FedStats 508/Accessibility Workshop
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A solution for web dissemination of
fully accessible crime data tables
Tim Kearley - Computer Specialist
with the Bureau of Justice Statistics (BJS)
|I. Managing and providing web access to data tables
The Bureau of Justice Statistics (BJS) is responsible for an ever-growing volume of crime data, which must be made accessible to the public. To provide quick, access to all these data, we developed a "drill-down" style web application using ColdFusion that generates data tables from an oracle database as they are requested. This web application is called "data online" and allows web users to construct and download tables of crime and justice statistics for the U.S., States, and local agencies.
How many data tables are we talking about? Well, data online contains
three data categories (Crime, Homicide, and Law Enforcement Management
and Administrative Statistics[LEMAS]) covering over 6,000 local agencies
and 50 states. Within these categories you can choose from a variety of
table types (for ex: by a single state or single year). You might then
be prompted to define the data in your table by choosing from over 6,000
different agencies, 20 crime variables, and a 15 year date range. To make
a long story short, it's possible to generate more than a million different
data tables. So, we needed to provide users efficient access to all this
data, and make it easier to maintain and update. In addition, all these
data tables would need to conform fully with Section 508 accessibility
II. Coding the tables to conform with Section 508 guidelines.
Tagging our data tables for 508 conformance involved consideration of many different table formats. Some of them were simple and straightforward, while some of them (see Figure 3 below) have complex column headings 3 layers deep. In addition, the tables in data online are populated from the database in one of two ways: 1) tables whose rows and columns are defined by user selections and 2) pre-set tables that are filled in with data. First we'll take a look at the user-defined tables.
We'll start by using data online to generate a table and then look at how it was formed by the application. For example, let's say we want crime rates for the state of Virginia and the entire nation between 1980 and 1995.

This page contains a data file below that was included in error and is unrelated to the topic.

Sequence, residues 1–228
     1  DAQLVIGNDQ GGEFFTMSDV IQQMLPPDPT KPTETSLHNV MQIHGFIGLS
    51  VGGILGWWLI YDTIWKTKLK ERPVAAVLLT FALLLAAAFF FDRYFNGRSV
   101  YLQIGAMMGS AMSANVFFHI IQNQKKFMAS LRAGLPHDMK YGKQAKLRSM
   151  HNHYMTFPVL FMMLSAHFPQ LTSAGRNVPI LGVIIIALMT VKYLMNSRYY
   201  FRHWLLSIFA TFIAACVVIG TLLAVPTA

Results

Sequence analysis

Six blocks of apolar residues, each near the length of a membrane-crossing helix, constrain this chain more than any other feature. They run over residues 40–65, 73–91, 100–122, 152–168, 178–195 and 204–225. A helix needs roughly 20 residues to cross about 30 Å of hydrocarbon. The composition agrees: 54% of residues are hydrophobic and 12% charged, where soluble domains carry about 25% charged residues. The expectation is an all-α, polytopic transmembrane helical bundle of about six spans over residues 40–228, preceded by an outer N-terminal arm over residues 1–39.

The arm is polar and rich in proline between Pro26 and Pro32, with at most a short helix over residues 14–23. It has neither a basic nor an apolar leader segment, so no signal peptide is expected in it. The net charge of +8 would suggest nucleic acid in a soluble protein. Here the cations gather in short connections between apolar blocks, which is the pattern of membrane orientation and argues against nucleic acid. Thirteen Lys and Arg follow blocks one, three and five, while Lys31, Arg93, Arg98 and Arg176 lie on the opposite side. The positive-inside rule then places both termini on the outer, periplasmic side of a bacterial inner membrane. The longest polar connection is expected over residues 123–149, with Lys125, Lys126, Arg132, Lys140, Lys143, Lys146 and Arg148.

Figure 2: Selecting parameters for a custom State crime data table
In the example above, the variable groups we've selected will define the columns in our tables, while the starting and ending years will define the rows. Each one of the variable groups above relates to a specific template. The code that creates the table from the database uses conditional statements to determine which of these templates to include in the table based on the user's selection. Since we put all of our accessibility code within these templates, any data table generated by the user will be tagged to conform with section 508 automatically.
Figure 3: Results table for State crime in Virginia and
the U.S. for 1980 to 1995
For this example, we can have up to 3 different column headings associated with each data cell (Figure 3). This precludes the use of the simple SCOPE="row"/SCOPE="col" method. To tag such a complex data table, we need to use the ID/HEADERS method, which allows you to specify all the columns that describe each data cell. Each pertinent table header cell will be tagged with a unique "ID" attribute. In Figure 4, we see two variable groups which will be included in the table based on conditional logic (highlighted in blue) with ID attributes included (highlighted in dark red).
Figure 4: Section of code displaying conditional statement
with included ID tags
The data cells of each table row will receive a "HEADERS" attribute. The HEADERS attribute will contain the unique IDs for all the header cells that apply. In addition, the first data cell of each row will contain a SCOPE="ROW" tag to define the rows of the table explicitly. In Figure 5, we see the data row cells that correspond to the header IDs in Figure 3. The conditional logic is highlighted in blue, while the HEADERS attributes are highlighted in dark red.